“We are not a provider. … However, we are listed on all of their menus, so their customers can purchase our product through them, but they’re paying our menu price plus a delivery charge,” Sciarrotta said. “We get a lot of orders through them — maybe by popular demand.”
Louie’s Pizza has offered its own delivery service for the last 35 years, and Sciarrotta hasn’t noticed a hit from the extra competition, he said.
Still, he said, he feels more comfortable when his product is in the hands of his own employees.
“I have had [some] drivers come into my pizzeria to pick up product. … They’re not professional, they’re dirty. … I don’t really want to give my product to some of these people because I don’t know what they do with it after they leave my pizzeria,” Sciarrotta said. “Somebody orders directly from us — those are my drivers. I pay those people, I control where they’re going and how they present themselves.”
LOSS OF CONTROL
Sciarrotta’s concern is echoed across the Pikes Peak region’s service industry, even by establishments that have opted to partner with food delivery service platforms.
“You can have the best product in the world, but when you prepare it and cook it and send it off with an intermediary, it’s a whole different world once it leaves your building,” said Martin Troy, general manager of Jack Quinn’s Irish Pub and Restaurant on South Tejon Street.
While “80 to 90 percent of [delivery] drivers are bang on,” even one negative customer experience could prove detrimental to a restaurant’s bottom line, Troy said.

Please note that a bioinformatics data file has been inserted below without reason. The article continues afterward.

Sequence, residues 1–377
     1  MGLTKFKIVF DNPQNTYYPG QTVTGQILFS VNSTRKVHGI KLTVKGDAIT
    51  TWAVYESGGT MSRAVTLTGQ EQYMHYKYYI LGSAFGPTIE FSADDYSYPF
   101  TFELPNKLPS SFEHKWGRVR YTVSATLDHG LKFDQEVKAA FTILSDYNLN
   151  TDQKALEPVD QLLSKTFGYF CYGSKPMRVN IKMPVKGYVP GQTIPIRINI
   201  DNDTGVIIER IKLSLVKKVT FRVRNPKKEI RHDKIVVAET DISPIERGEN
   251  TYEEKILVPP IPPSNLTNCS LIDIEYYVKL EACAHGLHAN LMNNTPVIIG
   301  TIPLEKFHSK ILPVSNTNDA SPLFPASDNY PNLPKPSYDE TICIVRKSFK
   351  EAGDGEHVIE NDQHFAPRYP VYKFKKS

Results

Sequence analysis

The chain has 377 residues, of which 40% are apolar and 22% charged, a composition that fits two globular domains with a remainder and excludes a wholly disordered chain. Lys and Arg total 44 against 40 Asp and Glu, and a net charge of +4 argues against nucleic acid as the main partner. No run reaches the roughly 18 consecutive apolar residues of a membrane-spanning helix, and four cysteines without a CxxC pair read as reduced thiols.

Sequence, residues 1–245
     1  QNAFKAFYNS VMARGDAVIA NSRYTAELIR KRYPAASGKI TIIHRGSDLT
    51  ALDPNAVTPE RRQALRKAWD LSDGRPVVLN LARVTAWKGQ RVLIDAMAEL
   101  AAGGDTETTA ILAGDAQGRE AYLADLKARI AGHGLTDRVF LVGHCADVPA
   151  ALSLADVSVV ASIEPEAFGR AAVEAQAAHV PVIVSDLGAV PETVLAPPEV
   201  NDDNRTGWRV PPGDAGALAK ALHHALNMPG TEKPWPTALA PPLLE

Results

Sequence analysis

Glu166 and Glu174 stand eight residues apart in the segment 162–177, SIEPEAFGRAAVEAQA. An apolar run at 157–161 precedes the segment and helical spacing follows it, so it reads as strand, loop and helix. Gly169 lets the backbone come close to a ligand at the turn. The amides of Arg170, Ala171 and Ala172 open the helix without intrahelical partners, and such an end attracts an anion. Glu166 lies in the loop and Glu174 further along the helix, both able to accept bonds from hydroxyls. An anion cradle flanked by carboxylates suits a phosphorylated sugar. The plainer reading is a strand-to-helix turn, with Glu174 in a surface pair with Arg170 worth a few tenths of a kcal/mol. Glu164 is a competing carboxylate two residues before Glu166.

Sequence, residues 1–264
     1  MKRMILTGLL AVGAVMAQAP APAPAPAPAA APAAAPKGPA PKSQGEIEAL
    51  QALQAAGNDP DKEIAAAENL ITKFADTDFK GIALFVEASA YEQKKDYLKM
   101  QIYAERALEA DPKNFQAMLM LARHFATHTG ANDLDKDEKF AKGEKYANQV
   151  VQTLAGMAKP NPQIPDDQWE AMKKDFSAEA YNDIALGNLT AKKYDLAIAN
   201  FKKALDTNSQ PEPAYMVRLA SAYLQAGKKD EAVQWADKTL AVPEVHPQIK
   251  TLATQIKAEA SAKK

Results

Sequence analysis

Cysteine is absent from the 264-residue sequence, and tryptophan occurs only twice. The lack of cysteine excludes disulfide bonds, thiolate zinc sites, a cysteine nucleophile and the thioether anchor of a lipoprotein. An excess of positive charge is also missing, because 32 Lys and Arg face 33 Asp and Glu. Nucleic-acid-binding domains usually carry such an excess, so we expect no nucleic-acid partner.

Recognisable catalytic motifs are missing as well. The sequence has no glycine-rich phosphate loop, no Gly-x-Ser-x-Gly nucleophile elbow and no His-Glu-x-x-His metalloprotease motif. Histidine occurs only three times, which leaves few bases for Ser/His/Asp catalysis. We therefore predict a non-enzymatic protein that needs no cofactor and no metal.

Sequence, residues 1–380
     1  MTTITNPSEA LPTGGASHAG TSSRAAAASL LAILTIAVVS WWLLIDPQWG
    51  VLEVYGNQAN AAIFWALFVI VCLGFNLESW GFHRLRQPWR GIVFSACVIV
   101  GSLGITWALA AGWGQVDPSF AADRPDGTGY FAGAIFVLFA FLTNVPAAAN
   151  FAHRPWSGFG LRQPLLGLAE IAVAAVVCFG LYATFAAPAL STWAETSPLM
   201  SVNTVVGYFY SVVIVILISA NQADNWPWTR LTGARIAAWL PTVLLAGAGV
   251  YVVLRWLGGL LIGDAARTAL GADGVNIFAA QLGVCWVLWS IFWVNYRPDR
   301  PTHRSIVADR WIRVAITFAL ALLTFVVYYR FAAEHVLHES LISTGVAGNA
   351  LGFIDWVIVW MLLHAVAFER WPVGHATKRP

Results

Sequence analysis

“Our biggest seller is our fish and chips. … That’s one thing we have to be on point on every time,” Troy said.
Grubhub originally only delivered to addresses within a 3-mile radius, Troy said, but that policy has changed.
“Now we’ve got people calling from almost Banning-Lewis Ranch getting fish and chips, and when they get them, they are inevitably soggy,” he said. “You cannot keep any kind of batter cooked crispy and hot for that length of time.”
“You’ve made the sale and got the money, but you’re going to pay the price if the food gets to the customer in [poor] condition,” Troy added. “There is no way you can ensure that.”
While Wofford likes that Grubhub makes it easy for eateries to control their own menus by directly uploading pictures to the app, he said that unreliable drivers have caused headaches.
“We do consider Grubhub a customer to us, so we want to get [the order] fired right away,” Wofford said. “If it’s bad weather, that’s understandable — we’re just not going to fire that right away. We’ll hold it for 20 minutes or so.